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Cultures of Piracy

Call for Essays:  Special Issue of Anthropological Quarterly

Cultures of Piracy

Anthropological Quarterly
is seeking submissions for a special issue exploring “piracy” defined broadly, from copying CDs to Captain Hook, from biopiracy to the coast of Somalia.  Authors may consider one of the following, making sure that their work draws upon ethnographic research, and/or engages anthropology as a discipline:

  1. How do practices labeled “piracy” differ from other sorts of extraction, expropriation, borrowing, and theft?
  2. How does piracy conflict with or affirm narratives of law and governance?  What, for instance, are piracy’s critical and utopian impulses?
  3. How is piracy mediated through various forms of public culture, and what are the components of its circulation within various publics?
  4. What are the spatial and temporal features of piracy – its histories and geographies?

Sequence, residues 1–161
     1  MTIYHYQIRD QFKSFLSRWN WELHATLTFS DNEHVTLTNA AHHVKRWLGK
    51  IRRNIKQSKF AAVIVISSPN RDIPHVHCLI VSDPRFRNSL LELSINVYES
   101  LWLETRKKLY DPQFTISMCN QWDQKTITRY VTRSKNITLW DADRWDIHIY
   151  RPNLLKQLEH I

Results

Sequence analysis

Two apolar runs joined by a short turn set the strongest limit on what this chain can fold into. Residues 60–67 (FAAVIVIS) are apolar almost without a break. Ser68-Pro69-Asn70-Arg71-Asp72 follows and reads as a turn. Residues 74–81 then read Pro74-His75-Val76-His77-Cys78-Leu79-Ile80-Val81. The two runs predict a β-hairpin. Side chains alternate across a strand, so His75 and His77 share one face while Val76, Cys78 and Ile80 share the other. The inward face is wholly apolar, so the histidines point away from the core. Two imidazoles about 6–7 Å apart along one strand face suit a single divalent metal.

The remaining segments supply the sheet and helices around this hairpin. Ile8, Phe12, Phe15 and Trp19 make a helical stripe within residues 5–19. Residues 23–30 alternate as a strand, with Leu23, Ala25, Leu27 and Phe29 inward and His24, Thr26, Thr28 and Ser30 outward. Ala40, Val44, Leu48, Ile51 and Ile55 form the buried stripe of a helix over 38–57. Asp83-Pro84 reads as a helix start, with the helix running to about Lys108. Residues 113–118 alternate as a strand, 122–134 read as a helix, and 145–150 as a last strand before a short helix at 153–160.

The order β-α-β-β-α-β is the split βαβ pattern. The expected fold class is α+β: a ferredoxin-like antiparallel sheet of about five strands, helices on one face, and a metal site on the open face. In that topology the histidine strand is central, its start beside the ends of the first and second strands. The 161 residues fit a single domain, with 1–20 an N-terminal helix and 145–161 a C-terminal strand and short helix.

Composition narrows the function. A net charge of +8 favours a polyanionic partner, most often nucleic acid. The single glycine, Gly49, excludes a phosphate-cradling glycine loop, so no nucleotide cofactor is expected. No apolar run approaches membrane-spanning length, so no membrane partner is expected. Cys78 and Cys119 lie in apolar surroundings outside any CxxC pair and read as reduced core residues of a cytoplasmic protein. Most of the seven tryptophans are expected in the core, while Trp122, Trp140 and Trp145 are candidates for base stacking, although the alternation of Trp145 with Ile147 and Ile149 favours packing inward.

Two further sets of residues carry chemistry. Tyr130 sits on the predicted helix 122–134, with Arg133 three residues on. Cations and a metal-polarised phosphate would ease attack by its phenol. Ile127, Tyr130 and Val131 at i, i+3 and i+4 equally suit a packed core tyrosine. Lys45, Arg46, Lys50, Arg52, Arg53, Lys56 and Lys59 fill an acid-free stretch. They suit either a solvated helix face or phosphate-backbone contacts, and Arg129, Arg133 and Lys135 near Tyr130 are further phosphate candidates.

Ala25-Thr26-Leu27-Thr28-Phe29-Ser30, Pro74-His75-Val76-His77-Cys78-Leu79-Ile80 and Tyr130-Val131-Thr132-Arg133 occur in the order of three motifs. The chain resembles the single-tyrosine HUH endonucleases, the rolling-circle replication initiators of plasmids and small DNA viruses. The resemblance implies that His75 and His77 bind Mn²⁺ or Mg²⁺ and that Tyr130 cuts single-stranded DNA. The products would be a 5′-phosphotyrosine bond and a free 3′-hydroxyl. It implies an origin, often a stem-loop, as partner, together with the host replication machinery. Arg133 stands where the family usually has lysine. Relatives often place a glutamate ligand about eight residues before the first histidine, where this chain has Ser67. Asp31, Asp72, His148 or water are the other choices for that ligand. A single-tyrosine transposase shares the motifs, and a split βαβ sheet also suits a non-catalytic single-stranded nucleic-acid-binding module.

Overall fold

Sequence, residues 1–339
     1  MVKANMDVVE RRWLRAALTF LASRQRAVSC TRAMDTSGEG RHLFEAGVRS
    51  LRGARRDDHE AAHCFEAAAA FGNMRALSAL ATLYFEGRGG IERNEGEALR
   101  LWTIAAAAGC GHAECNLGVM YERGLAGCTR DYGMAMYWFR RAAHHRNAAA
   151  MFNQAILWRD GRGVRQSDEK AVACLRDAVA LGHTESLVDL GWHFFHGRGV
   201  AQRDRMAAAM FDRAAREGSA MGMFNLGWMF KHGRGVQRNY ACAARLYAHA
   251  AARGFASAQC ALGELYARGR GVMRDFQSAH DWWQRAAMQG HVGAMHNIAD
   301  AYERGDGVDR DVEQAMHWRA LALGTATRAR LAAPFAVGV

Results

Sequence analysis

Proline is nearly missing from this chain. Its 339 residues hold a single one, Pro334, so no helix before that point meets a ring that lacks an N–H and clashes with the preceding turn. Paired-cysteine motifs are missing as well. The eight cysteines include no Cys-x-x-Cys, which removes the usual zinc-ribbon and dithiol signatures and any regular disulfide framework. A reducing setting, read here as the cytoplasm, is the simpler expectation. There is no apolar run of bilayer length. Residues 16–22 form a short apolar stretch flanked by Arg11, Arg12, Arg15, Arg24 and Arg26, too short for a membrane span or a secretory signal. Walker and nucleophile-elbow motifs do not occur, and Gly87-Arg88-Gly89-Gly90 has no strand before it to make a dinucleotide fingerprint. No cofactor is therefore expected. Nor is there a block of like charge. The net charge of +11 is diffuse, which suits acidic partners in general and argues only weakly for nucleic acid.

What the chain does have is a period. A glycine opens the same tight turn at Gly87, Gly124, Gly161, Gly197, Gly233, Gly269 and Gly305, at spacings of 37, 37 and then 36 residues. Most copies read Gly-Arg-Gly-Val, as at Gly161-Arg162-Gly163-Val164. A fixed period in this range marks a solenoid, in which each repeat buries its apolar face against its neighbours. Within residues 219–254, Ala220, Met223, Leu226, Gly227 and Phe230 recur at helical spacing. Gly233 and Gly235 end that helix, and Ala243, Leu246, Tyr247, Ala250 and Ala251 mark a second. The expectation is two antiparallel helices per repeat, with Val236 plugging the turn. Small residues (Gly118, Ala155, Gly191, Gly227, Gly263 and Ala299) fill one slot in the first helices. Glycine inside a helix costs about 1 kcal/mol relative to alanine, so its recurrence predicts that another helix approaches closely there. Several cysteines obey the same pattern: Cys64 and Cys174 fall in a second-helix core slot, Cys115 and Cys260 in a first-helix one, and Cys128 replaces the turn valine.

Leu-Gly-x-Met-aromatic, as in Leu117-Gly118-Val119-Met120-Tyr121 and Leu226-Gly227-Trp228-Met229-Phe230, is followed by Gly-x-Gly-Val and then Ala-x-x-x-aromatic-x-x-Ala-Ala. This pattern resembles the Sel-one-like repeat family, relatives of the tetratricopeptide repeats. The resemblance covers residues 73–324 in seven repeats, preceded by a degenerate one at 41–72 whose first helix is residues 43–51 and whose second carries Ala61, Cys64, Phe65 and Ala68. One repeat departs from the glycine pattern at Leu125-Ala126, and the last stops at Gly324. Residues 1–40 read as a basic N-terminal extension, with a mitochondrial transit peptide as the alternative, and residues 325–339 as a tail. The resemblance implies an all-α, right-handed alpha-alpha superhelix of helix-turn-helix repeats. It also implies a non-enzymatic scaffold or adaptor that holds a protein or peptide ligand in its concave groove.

5. What are piracy’s economic and political entailments?
  6. What specific localities (the Straits of Malacca, Somalia and the Caribbean) or activities (p2p file-sharing and fishing) are in part constituted by notions of piracy?

Authors have considerable freedom; essays can be short (3,000 words) or long (10,000 words), grounded in ethnographic data, or purely theoretical. One of Anthropological Quarterly’s goals is to give ethnographers a range of possibilities for scholarly writing.

Our deadline for abstracts and titles is August 1st, 2010.
We request the completed work by October 1st, 2010.

Email submissions to (preferably in .doc file format) and mail two hard copies to:

Alexander S. Dent – Associate Editor
Anthropological Quarterly
The George Washington University
2110 G St. NW
Washington, DC 20052

Email questions to

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